This review of Bobby Sobel's The Laurel Bay Country Club Burglar at the Hudson Guild Theatre was written by Dr. Thomas Robert Stevens and published in Volume X, Issue 6 (2016) of the online edition of Applause! Applause!
The Laurel Bay Country Club Burglar
Written & Directed by Bobby Sobel
Hudson Guild Theatre
441 West 26th Street
New York, New York 10001
The Laurel Bay Country Club Burglar is being presented as part of the Thespis Theater Festival, which runs from July 11, 2016 to October 2, 2016 at the Hudson Guild Theatre. The festival is also a competition awarding a top prize of $3,500.00 for the best play or musical. This entry is a one-act play written by Bobby Sobel, a director, producer, writer, and actor in one-act plays and independent films. His other plays include The South Bronx, You Can't Hustle A Hustler and Big Apple Song-A-Gram.
This story involves Veronica and Richard Miles, a Jewish couple having financial difficulties. Richard, the hen-pecked husband, explains things are so bad, he might not have the money to continue paying his wife's membership dues to The Laurel Bay Country Club, a luxury his social status-conscious wife doesn't want to give up. During Scene One, they hear a report on the radio regarding some artwork stolen from the Mayor's Mansion by a burglar who will probably sell it on the black market. Veronica offers to help in whatever way she can and Richard jokingly says, "You can always rob a bank. They have plenty of stimulus money." In Scene Two, the Miles visit the home of Florence & Morris Bronstein, the former who is President of The Laurel Bay Country Club. Mrs. Bronstein tries to solicit their support for Sheila Gelber, who is running for the U.S. Senate. Veronica Miles discovers the Bronsteins have original artwork in their home and that Mr. Bronstein often forgets to set the security alarm when he leaves on business trips. In Scene Three, after learning that Mr. Bronstein is heading to Houston with Sheila and that Mrs. Bronstein is traveling to San Francisco, Veronica decides she is going to climb in through their window to steal the artwork. It turns out the Bronsteins are not out of town. While hiding, she learns Mr. Bronstein is having an affair with Sheila and that Mrs. Bronstein has brought home a male escort named Lash LaRue Jr., a Cowboy Rodeo wannabe who carries a leather whip with him wherever he goes. When all is revealed, everyone is compelled to reach a "you don't ask and we don't tell" accommodation in order to avoid a scandal.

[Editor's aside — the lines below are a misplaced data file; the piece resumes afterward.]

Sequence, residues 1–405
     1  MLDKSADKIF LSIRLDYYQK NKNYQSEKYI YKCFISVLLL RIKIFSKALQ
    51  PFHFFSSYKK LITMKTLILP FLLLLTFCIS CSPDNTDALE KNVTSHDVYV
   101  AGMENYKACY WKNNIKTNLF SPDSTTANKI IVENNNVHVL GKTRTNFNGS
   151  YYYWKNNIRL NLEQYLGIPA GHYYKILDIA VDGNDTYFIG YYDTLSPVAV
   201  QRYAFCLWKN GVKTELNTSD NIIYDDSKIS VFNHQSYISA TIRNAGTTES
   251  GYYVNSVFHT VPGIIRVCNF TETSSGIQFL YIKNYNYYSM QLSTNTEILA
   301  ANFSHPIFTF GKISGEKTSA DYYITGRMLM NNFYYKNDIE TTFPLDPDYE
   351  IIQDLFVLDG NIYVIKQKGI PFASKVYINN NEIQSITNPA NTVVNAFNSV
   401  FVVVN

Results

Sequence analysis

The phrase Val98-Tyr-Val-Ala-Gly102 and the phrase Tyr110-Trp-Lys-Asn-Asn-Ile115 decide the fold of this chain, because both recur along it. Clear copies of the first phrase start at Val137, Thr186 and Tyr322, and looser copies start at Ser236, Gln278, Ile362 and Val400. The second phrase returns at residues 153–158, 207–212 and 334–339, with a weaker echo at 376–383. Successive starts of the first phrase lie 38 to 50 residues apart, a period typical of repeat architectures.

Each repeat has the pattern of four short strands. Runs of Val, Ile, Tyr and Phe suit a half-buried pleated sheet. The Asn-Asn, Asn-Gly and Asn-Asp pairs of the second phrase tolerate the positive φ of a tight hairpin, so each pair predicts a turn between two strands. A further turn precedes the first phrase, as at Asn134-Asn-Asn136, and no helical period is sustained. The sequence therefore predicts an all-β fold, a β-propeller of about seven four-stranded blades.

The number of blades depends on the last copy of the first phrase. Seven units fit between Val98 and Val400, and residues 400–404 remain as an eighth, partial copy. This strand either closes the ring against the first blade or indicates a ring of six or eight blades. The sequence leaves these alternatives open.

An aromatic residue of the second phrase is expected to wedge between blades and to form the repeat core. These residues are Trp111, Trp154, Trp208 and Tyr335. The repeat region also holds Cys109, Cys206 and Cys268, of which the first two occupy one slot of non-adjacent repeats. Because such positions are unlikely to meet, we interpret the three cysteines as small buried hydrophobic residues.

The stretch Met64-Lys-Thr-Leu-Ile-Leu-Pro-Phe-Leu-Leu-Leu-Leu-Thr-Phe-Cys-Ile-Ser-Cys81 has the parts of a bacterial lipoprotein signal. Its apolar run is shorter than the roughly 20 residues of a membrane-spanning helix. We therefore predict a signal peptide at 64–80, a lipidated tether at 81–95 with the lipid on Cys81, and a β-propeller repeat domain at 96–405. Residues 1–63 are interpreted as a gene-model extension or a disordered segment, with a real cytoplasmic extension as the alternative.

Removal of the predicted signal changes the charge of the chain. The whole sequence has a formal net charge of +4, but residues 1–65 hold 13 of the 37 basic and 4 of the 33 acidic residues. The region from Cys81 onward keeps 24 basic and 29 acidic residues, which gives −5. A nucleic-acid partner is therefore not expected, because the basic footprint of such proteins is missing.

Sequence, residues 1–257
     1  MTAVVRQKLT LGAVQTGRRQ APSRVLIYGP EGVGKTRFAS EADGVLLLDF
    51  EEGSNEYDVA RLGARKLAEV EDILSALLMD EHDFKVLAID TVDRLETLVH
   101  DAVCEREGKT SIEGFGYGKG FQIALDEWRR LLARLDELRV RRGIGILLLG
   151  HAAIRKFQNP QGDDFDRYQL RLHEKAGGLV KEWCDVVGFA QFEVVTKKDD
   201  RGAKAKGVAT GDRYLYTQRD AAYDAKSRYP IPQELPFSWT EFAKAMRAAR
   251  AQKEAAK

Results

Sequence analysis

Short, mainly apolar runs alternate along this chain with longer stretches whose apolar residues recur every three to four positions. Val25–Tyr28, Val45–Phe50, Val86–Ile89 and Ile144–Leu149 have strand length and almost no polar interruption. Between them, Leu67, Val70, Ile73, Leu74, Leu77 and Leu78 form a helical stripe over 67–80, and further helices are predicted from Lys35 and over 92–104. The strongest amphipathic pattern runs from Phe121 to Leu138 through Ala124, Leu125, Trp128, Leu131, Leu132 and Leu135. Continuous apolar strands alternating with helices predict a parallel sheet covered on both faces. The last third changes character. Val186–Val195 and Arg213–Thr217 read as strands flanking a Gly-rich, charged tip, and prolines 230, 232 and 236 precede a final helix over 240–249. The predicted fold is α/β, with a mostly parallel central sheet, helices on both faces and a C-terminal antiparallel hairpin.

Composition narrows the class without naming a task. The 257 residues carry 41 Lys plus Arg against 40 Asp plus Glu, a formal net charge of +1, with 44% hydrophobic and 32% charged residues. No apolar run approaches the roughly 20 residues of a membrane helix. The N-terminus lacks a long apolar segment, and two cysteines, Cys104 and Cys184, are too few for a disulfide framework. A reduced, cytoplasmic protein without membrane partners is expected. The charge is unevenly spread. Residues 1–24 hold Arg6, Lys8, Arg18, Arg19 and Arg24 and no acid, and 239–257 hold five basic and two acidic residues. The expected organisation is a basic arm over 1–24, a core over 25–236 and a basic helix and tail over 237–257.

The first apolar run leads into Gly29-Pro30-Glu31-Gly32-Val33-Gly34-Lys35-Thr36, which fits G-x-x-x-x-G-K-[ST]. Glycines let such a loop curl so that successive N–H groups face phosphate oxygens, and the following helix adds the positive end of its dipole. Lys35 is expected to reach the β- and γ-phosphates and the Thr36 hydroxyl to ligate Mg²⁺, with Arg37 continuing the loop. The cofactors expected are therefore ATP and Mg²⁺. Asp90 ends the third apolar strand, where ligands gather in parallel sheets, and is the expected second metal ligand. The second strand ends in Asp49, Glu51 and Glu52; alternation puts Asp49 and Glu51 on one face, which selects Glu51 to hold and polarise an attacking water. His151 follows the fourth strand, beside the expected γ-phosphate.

Many Jewish stereotypes are depicted in this one-act play. These morally challenged characters seem to think nothing of their indiscretions and, at the end of the story, go back to their everyday lives as if nothing happened. In fact, Veronica is actually rewarded for her criminal act. Her husband Richard is as dumb as a brick and doesn't even know what sushi is. Veronica talks behind Sheila's back saying she is so stupid "she couldn't predict the winner of a two-horse race if one of them was running backward." The Bronsteins are very patriotic and pro-Israel but they hate Arabs and many other people they perceive to be different or deviant. Mr. Bronstein hates the Japanese but that didn't stop him from going to Japan and deciding to import "organic seaweed" (the crunch you taste when you eat it is sand). Sheila, of course, is sleeping with a married man and when she suggests they stop what they are doing, Mr. Bronstein's solution is to give her Quaaludes (after all, they are very small) to make her more compliant. Lash LaRue Jr., the escort, claims he merely provides "a service for generous ladies" but ultimately admits to having sex for money when he blurts out that "orgies cost more." These are all horrible individuals very few people would want to hang out with. It was difficult to be in their presence even for the 45 minutes I was watching this play.